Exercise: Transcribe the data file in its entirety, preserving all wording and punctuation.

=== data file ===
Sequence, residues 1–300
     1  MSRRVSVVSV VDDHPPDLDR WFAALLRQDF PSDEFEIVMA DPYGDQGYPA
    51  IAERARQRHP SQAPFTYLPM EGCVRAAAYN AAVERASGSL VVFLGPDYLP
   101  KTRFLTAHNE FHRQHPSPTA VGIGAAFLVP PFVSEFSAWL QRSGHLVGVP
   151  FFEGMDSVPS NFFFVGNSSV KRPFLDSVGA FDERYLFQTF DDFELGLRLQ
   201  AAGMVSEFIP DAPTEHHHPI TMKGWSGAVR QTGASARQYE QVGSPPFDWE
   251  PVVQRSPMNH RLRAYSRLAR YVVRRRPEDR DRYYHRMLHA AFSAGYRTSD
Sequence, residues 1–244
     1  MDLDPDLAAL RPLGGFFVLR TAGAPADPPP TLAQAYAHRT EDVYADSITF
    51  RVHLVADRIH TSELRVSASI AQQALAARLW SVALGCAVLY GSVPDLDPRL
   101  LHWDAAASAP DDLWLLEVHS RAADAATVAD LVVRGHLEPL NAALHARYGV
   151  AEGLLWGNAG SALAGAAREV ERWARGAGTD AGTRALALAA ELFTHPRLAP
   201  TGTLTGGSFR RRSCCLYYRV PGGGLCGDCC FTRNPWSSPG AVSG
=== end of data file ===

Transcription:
Sequence, residues 1–300
     1  MSRRVSVVSV VDDHPPDLDR WFAALLRQDF PSDEFEIVMA DPYGDQGYPA
    51  IAERARQRHP SQAPFTYLPM EGCVRAAAYN AAVERASGSL VVFLGPDYLP
   101  KTRFLTAHNE FHRQHPSPTA VGIGAAFLVP PFVSEFSAWL QRSGHLVGVP
   151  FFEGMDSVPS NFFFVGNSSV KRPFLDSVGA FDERYLFQTF DDFELGLRLQ
   201  AAGMVSEFIP DAPTEHHHPI TMKGWSGAVR QTGASARQYE QVGSPPFDWE
   251  PVVQRSPMNH RLRAYSRLAR YVVRRRPEDR DRYYHRMLHA AFSAGYRTSD
Sequence, residues 1–244
     1  MDLDPDLAAL RPLGGFFVLR TAGAPADPPP TLAQAYAHRT EDVYADSITF
    51  RVHLVADRIH TSELRVSASI AQQALAARLW SVALGCAVLY GSVPDLDPRL
   101  LHWDAAASAP DDLWLLEVHS RAADAATVAD LVVRGHLEPL NAALHARYGV
   151  AEGLLWGNAG SALAGAAREV ERWARGAGTD AGTRALALAA ELFTHPRLAP
   201  TGTLTGGSFR RRSCCLYYRV PGGGLCGDCC FTRNPWSSPG AVSG